It had been – cue deep breath and big, tired sigh – one of those days.
Where normally cheerful children are decidedly less so and normally wholesome mothers are thinking about alcohol by morning tea time.
But instead of surrendering to the chaos and starting again tomorrow, we – three grumpy children under school age and their increasingly grumpy, heavily pregnant mother – struggled ever onwards through an insane obstacle course called Wednesday. Each task a small ordeal in itself, each one somehow more disastrous than the last. Breakfast. Getting Dressed. Tidying up. Washing out. Kindy drop off. Post office. Bank. Morning Tea. Groceries. Lunch. Swimming lessons. Kindy pick up. Afternoon tea. Washing in. Bath. Dinner. Teeth. Stories. And Bed. Hallelujah!
I fall into bed exhausted, seeking the blissful oblivion that follows a day of extreme parenting. A wild storm lashes the house. Mad flashes of lightning scissor across the sky answered by great booms of thunder. From my comatose state I become vaguely aware of a little hand urgently patting my face. Mumma – it too noisy – I come in the big bed pwease, the big bed.
I force open one eye and see Annie’s little face next to mine, her eyes wide and her bottom lip trembling. I scoop her up and her arms grip fast around my neck. She claps her chubby fingers over her ears and buries her face in my neck. Mumma, I scared. I scared of the funder!
In all her two and half years, I have never seen Annie frightened. She matches her older brothers step for step, challenge for challenge. She zooms down tall slippery dips, jumps off her Dad’s shoulders into deep water, and squeals with delight from the bike seat during steep descents.
Annie do it by mythelf – no helping! is her mantra. Now my brave, spunky little girl is clinging to me, crumpled with fear and shuddering.
I very scared Mumma.
It’s just thunder sweetie. The clouds are bumping in to each other. That’s all it is. It’s just a noise in the sky.
No! Not in the sky, in the house! It’s in the house! I scared! I hiding!
I hold her warm soft body next to mine and sing to her. Puff the magic dragon lived by the sea. She stops whimpering. And frolicked in the autumn mist in a land called Honalee. Her half sobs fall into an even rhythm of deep breaths and her eyelids droop and flicker and finally close. Little Jackie Paper loved that rascal Puff. She loosens her grip and her busy little limbs are once again still. And bought him strings and sealing wax and other fancy stuff.
Becalmed, she snores lightly. Milliseconds of white electricity flash through the window and light up her face. She looks like a Botticelli angel. I am unexpectedly awash with pure, heart thudding love.
Snuggled between her dad and me on this wild stormy night, my little girl is safe. I twist my finger through her silky curls and wonder about the other storms she will weather in her lifetime. The ones I won’t be able to quell with a cuddle and a song. The ones she may not even share with me. Inevitably she will know the ache of grief and the pain that life can bring. She will learn that storms come in different strengths; short fierce ones and prolonged tumultuous ones. Scary ones and lonely ones. I remind myself to teach her the Buddhist phrase, ‘this too shall pass’.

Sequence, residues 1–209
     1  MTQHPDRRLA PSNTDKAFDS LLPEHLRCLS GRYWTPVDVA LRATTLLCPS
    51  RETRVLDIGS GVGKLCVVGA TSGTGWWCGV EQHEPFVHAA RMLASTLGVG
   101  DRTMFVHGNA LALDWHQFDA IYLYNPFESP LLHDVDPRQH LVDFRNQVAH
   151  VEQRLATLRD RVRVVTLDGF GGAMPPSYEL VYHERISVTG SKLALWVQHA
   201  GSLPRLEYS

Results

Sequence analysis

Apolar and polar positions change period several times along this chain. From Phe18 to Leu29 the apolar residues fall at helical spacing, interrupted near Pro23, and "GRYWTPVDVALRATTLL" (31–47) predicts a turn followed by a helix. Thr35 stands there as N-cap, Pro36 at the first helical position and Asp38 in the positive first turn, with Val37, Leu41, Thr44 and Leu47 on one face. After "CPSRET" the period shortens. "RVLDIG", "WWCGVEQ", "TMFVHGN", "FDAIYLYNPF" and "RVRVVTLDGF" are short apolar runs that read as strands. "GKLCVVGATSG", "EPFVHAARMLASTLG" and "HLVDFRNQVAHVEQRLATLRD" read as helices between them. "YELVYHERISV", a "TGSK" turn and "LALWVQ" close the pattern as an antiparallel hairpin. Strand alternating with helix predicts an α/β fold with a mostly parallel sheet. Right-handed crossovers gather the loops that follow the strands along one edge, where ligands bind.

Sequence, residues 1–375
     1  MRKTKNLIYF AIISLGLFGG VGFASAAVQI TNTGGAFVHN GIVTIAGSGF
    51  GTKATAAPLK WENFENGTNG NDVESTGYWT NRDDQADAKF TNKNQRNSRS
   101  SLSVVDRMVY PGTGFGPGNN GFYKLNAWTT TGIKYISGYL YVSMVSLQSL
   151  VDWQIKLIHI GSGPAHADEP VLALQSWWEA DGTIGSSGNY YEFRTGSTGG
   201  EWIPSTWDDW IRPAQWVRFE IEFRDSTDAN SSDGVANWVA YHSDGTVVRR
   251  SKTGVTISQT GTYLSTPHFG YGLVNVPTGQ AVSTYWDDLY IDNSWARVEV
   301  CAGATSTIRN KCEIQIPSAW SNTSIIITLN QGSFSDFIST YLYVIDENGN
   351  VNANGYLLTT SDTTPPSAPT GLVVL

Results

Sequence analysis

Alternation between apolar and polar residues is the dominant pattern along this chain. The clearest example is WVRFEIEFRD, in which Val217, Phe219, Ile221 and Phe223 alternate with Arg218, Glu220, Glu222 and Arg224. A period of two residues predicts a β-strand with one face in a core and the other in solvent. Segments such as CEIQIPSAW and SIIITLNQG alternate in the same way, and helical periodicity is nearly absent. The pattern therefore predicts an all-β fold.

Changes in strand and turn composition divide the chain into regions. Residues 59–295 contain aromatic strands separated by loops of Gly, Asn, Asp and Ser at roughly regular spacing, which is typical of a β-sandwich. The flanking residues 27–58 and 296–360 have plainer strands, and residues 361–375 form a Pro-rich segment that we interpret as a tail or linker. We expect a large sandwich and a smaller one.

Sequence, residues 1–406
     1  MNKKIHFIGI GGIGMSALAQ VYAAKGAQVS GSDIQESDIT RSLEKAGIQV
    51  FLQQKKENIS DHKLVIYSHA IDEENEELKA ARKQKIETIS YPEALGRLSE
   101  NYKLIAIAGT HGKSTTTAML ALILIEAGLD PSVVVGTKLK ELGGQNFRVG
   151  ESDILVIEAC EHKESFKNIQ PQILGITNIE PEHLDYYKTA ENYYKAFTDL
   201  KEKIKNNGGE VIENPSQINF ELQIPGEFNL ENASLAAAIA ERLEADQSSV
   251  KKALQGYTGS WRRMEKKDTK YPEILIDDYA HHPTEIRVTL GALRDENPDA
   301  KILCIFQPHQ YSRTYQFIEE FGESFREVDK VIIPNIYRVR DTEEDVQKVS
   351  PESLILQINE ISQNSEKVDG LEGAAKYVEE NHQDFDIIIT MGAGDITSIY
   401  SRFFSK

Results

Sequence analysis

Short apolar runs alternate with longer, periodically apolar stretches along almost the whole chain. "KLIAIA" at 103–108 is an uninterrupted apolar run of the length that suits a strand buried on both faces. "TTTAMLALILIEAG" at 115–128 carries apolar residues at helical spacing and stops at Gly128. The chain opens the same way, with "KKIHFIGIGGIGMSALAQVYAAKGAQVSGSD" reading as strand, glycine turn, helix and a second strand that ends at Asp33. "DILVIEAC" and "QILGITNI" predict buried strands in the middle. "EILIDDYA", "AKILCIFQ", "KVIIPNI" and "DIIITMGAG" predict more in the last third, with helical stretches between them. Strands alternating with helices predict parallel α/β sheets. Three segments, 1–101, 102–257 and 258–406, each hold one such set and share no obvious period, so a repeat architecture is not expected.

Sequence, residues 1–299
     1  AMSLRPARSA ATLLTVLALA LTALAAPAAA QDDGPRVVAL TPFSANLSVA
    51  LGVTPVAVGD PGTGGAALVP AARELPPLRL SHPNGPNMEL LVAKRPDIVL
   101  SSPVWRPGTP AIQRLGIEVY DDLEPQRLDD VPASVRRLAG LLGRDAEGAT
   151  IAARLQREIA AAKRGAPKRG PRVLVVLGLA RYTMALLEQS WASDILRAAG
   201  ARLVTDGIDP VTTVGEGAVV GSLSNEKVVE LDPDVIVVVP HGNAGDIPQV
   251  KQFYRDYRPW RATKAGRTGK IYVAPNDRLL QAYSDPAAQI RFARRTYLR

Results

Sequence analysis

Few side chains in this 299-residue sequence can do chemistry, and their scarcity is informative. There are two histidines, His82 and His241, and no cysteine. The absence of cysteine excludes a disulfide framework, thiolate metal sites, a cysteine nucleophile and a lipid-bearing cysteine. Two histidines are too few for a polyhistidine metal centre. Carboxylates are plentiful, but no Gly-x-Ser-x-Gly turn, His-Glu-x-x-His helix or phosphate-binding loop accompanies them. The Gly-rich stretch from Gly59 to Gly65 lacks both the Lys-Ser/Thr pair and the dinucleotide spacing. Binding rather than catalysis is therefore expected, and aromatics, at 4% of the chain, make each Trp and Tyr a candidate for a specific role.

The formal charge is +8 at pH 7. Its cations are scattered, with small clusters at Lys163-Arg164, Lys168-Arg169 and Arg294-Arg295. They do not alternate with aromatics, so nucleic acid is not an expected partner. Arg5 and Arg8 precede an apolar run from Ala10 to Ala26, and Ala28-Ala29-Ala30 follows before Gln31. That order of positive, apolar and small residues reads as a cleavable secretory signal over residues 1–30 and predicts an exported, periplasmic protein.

I think about mothers the world over, trying to keep their little ones safe from the monsters of war, hunger and disease. Mothers who also hold their babies tight and sing to them but can’t make the world even remotely fair for them. Mothers who would give anything for a glass of clean water to keep their child alive another day.
I reflect back over our day. The inexplicable meltdown in Isle 3, the poo in the bath and the smashed jam jar right on dinnertime. Yes, it was one of those days by my incredibly spoilt Western standards but all it really needed was more patience and some good humour. I forgot to breathe through my exasperation and remind myself ‘this too shall pass’.
I cringe now remembering my daydream of another life far away, with more freedoms and a lot less washing, cooking, cleaning and lunch boxes. But as I watch my baby girl sleep, all I wish for is a million more of those days, any kind of days in fact, just days and nights of being her Mum. Just to swim with her, and her brothers and her unborn sibling, in this giant ocean of love.
I wake to a world washed clean by life-giving rain. The morning sun creeps softly in on us and it is almost impossible to recall the fury of the night sky. Annie wakes slowly, stretches and looks at me. I scared of the funder. I in the big bed. I hiding. Her face crumples slightly at the memory and she blinks it away. Then she smiles. I just a widdle bit scared Mumma. She pats my cheek and looks at me with her big, trusting eyes. It okay now. The clouds bumping in to each other, that’s all.
“Grown don’t mean nothing to a mother. A child is a child. They get bigger, older, but grown. In my heart it don’t mean a thing.”*
As our children grow and become more independent, we might become a wee bit complacent about their existence, lost in the daily grind and focusing on the world outside the home. But it doesn’t take much to realise how shockingly fragile human life is, and how quickly childhood will be over, though the connections and feelings that bind us will remain for eternity.
* Tony Morrison (American novelist, editor, and professor)